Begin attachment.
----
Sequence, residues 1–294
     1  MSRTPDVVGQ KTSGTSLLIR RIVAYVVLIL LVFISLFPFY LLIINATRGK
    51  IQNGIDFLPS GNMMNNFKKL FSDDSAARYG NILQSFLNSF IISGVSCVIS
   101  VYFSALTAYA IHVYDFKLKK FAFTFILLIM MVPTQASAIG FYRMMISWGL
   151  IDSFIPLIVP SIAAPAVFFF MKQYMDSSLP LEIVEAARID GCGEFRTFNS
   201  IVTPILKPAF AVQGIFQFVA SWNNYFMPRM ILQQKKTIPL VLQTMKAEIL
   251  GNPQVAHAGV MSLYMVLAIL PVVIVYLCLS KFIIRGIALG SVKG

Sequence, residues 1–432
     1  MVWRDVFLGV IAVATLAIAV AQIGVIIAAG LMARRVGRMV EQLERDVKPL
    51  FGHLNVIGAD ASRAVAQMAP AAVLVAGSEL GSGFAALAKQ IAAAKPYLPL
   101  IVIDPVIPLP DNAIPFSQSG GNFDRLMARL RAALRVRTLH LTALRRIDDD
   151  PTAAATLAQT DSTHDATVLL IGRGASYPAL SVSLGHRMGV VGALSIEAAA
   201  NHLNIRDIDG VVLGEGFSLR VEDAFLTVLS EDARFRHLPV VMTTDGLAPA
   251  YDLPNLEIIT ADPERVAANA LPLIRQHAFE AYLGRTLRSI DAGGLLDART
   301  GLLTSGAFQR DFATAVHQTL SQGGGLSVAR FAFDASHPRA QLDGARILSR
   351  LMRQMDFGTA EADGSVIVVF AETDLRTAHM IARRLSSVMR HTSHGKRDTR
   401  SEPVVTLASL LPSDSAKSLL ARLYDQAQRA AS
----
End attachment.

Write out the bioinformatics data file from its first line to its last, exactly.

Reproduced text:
Sequence, residues 1–294
     1  MSRTPDVVGQ KTSGTSLLIR RIVAYVVLIL LVFISLFPFY LLIINATRGK
    51  IQNGIDFLPS GNMMNNFKKL FSDDSAARYG NILQSFLNSF IISGVSCVIS
   101  VYFSALTAYA IHVYDFKLKK FAFTFILLIM MVPTQASAIG FYRMMISWGL
   151  IDSFIPLIVP SIAAPAVFFF MKQYMDSSLP LEIVEAARID GCGEFRTFNS
   201  IVTPILKPAF AVQGIFQFVA SWNNYFMPRM ILQQKKTIPL VLQTMKAEIL
   251  GNPQVAHAGV MSLYMVLAIL PVVIVYLCLS KFIIRGIALG SVKG

Sequence, residues 1–432
     1  MVWRDVFLGV IAVATLAIAV AQIGVIIAAG LMARRVGRMV EQLERDVKPL
    51  FGHLNVIGAD ASRAVAQMAP AAVLVAGSEL GSGFAALAKQ IAAAKPYLPL
   101  IVIDPVIPLP DNAIPFSQSG GNFDRLMARL RAALRVRTLH LTALRRIDDD
   151  PTAAATLAQT DSTHDATVLL IGRGASYPAL SVSLGHRMGV VGALSIEAAA
   201  NHLNIRDIDG VVLGEGFSLR VEDAFLTVLS EDARFRHLPV VMTTDGLAPA
   251  YDLPNLEIIT ADPERVAANA LPLIRQHAFE AYLGRTLRSI DAGGLLDART
   301  GLLTSGAFQR DFATAVHQTL SQGGGLSVAR FAFDASHPRA QLDGARILSR
   351  LMRQMDFGTA EADGSVIVVF AETDLRTAHM IARRLSSVMR HTSHGKRDTR
   401  SEPVVTLASL LPSDSAKSLL ARLYDQAQRA AS